The Olentangy Trail with views of the Olentangy River, and Lincoln and Morrill Towers.
A section of the Olentangy Trail near the campus of The Ohio State University.

Essential Information

  • Mileage: 14 miles
  • Activities:
    • Running
    • Trail Running
    • Biking
  • Location: Near Rte. 315

If there is one trail that displays the full range of Columbus scenery and terrain, it’s the the Olentangy Trail. Spanning over half the distance of Franklin County, this paved trail follows Route 315 and the Olentangy River as it travels from downtown, past Ohio State, all the way up to southern edge of Deleware County.

Although it is one continuous trail, the northern and southern sections have very distinct feels. The northern section is quieter and suburban, going through the edges of Worthington and Clintonville. It’s not remote, but sections can feel removed from the city. I occasionally see deer on this section of trail. The southern section of the trail is more urban, traveling along the edge of Ohio State, Harrison West, and Downtown. It’s only a short hop off the trail to access campus or the shops of the Short North. The trail here always feels close to the city, with many portions traveling close to 315 and other major roads.

While the scenery differs between sections, the trail itself is similar. The trail is entirely paved, and it is well maintained. It is generally flat, and there are no major climbs along the entire route. Both sections of the trail can get very crowded on weekends when the weather is good. This is not a big problem if you are running, but faster cyclists will find the need to constantly pass people annoying.

There are two mildly confusing aspects to the trail. First, many small unmarked trails frequently intersect with the main trail. These trails provide access to the surrounding neighborhoods and parks. Thankfully, these side trails are short, and if you accidentally stray onto one, you will find out quickly and can easily turn back around. The second confusing point is at the southern terminus of the trail. The trail ends when it hits Long Street near downtown. However, the Scioto Trail continues on the other side of the road, so it’s not immediately obvious that trail ends here. Continuing on the Scioto Trail can make for a great addition, but it’s important to pay attention here or else you might unintentionally add 9 miles to your trip.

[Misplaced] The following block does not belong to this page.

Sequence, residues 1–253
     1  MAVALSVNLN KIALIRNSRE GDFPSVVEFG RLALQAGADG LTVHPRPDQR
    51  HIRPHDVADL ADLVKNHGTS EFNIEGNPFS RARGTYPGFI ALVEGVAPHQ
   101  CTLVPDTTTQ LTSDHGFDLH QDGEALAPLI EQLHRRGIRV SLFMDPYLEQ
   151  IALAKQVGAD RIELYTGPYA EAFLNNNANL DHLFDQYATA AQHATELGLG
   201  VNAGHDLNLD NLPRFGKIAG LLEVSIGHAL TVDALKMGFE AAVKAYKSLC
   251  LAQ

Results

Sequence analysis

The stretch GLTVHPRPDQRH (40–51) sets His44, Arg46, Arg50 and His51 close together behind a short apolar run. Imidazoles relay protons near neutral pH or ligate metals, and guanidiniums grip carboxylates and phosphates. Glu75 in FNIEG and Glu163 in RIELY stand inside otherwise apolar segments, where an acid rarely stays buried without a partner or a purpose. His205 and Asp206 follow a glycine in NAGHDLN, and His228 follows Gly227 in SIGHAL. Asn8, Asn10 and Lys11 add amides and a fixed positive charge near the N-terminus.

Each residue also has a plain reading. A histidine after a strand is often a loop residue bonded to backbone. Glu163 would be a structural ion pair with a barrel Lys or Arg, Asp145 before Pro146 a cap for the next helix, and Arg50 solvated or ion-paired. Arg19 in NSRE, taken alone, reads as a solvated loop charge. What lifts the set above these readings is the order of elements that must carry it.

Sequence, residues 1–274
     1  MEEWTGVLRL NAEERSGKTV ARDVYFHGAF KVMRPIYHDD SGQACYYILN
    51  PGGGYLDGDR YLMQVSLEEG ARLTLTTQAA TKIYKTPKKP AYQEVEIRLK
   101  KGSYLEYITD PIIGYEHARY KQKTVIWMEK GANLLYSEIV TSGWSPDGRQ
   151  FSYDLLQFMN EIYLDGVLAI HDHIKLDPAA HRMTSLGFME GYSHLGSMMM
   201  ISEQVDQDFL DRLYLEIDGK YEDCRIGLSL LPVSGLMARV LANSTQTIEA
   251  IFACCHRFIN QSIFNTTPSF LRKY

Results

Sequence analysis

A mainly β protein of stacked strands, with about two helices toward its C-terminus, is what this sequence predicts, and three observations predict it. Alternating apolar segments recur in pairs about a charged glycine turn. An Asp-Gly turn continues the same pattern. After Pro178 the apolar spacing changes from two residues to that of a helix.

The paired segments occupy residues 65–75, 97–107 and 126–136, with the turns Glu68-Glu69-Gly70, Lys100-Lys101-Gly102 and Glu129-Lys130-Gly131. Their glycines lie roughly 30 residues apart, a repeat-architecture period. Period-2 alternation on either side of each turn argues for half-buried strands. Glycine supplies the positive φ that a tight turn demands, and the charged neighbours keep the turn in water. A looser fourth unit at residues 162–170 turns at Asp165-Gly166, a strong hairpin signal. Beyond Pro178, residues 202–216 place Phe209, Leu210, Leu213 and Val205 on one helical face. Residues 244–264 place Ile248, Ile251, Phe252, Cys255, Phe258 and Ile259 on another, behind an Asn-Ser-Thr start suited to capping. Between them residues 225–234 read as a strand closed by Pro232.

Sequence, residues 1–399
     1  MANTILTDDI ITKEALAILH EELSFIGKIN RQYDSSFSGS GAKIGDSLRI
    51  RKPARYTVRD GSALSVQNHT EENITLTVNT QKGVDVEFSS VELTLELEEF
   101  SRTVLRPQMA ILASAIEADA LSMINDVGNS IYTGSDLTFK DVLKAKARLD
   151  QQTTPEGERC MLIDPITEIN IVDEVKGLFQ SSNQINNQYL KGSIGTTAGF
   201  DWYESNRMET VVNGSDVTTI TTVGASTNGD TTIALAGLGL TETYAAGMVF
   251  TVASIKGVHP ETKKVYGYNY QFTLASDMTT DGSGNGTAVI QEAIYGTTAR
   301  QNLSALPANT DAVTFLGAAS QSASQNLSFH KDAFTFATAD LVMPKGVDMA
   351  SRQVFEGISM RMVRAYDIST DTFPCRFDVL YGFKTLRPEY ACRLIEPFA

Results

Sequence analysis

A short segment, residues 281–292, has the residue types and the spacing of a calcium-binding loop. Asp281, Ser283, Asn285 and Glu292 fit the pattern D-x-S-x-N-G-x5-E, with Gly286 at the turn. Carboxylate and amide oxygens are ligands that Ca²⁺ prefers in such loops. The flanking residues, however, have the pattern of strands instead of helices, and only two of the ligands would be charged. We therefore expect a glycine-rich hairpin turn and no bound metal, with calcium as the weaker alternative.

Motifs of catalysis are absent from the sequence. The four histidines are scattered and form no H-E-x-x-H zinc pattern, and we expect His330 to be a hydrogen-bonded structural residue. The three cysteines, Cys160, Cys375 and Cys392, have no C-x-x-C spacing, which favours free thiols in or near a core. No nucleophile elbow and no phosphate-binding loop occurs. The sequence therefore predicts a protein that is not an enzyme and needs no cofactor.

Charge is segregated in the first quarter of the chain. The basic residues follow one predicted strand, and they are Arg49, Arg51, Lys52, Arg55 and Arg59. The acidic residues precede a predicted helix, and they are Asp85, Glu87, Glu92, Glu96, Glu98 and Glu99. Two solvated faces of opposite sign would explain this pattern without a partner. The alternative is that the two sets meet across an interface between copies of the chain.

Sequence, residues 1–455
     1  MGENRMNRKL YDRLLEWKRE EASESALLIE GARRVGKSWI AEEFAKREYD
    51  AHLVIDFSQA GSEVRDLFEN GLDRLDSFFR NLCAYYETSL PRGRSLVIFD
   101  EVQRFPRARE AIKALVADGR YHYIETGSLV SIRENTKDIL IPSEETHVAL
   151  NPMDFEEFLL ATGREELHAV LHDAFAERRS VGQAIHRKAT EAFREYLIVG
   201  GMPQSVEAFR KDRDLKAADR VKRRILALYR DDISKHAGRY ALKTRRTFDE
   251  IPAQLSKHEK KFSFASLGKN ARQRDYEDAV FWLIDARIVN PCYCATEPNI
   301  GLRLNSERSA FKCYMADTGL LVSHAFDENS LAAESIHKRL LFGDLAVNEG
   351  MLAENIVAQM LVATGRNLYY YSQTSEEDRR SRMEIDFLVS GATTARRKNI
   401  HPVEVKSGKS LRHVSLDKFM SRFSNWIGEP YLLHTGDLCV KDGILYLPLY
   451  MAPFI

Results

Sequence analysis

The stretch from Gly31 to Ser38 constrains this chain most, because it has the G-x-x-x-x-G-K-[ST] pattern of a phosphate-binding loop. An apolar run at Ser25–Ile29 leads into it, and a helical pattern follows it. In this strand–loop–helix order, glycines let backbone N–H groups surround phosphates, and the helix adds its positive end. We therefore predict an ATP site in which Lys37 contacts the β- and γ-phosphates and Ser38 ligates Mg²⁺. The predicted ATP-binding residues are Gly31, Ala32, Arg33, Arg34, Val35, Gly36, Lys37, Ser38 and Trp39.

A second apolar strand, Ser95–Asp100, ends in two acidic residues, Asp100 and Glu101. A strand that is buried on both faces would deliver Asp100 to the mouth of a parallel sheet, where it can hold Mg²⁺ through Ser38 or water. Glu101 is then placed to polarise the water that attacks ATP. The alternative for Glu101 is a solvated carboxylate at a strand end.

A view of Antrim Lake from the Olentangy Trail.
A view of Antrim Lake from the Olentangy Trail.

There are several off pavement options on the northern section. A one mile dirt trail branches off from the paved trail and travels around Antrim Lake. The surface is pleasant for running, and the trail offers great views of the lake. This section is closed to bikes. There are also several unofficial dirt trails that occasionally run alongside the paved trail in the northern section. These trails don’t offer a true trail running experience, but it’s possible to spend a decent amount of time off pavement by linking together these sections and by using the Antrim Lake trail.

Additional Information